Muscat: With the International Air Transport Association (IATA) projecting Middle East passengers to grow by 4.9 per cent per year to 2034, the GCC is fuelling $100 billion in airport expansion and construction projects in Bahrain, the Kingdom of Saudi Arabia, Kuwait, Oman, Qatar, and UAE, according to Deloitte.
“As Middle East airports expand, aesthetic and acoustic considerations are vital for growing passenger numbers, and providing a high-quality traveller experience, whether waiting, dining, or shopping. Good acoustics are essential for a serene airport atmosphere, such as by reducing loudspeaker sound, and perforated ceilings to minimize the noise of people talking or walking,” said Mohamed Nawarah, Country Manager – Kingdom of Saudi Arabiaat Hunter Douglas, the international airport consultancy based in The Netherlands.
Dubai International Airport is the world’s busiest international airport, and Al Maktoum International Airport is set to have one of the world’s largest capacities at 160 million annual passengers. Abu Dhabi International Airport is set to reach 40 million passengers by 2017 with the new Midfield Terminal.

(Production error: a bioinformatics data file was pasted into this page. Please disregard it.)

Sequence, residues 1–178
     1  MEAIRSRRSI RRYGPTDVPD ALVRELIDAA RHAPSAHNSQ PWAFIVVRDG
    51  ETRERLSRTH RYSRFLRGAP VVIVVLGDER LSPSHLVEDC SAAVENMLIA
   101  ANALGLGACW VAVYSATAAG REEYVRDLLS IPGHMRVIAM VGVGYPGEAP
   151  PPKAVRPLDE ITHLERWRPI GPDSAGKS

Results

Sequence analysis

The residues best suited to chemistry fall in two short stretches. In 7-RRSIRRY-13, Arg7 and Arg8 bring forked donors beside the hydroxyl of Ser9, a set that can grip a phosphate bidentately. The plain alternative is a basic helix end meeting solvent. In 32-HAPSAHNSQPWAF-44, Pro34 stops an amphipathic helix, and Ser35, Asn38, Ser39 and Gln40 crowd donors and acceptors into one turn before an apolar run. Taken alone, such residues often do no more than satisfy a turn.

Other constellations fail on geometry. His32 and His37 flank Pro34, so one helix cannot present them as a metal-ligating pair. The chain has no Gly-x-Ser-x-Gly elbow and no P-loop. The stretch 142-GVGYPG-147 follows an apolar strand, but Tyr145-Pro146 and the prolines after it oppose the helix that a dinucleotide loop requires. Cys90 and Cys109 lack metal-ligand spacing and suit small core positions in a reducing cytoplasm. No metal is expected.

Hunter Douglas has advised many of the world’s leading airports, including Brussels Airport in Belgium, Dusseldorf Airport and Frankfurt Airport in Germany, Gdansk Lech Walesa Airport and Wroclaw Airport in Poland, Madeira Airport in Spain, and Manchester Airport Terminal 1 in the United Kingdom.
At Brussels Airport, the Connector is an above-ground building connecting Piers A and B, which replaced a dark route through stairs, escalators, and elevators. The Connector allows departing passengers to walk straight from the check-in desk to their gate, and arriving passengers to easily walk to the baggage reclaim hall and exit. Connector also hosts Europe’s largest screening platform with 25 lanes.
Connector’s curved, customised Hunter Douglas 300C series ceiling, which is perforated and has an acoustic membrane, meets aesthetic and acoustic requirements by absorbing the sounds of airplanes and the granite floor. While people inside the transparent building can see the planes, they do not hear them.
The detachable ceiling also conceals the lighting and sprinkler systems for easy maintenance work.
“The shell-like roof structure naturally raises the ceiling little by little, so that the passengers can get used to the open space without being overwhelmed by it. The curved shape of the ceiling does make it really difficult to realise good acoustics, though sounds are reflected in all kinds of different directions. This is why the sound-absorbing capacity of the material is extra important,” said Erwin Persoons, an architect at the international agency CTHM.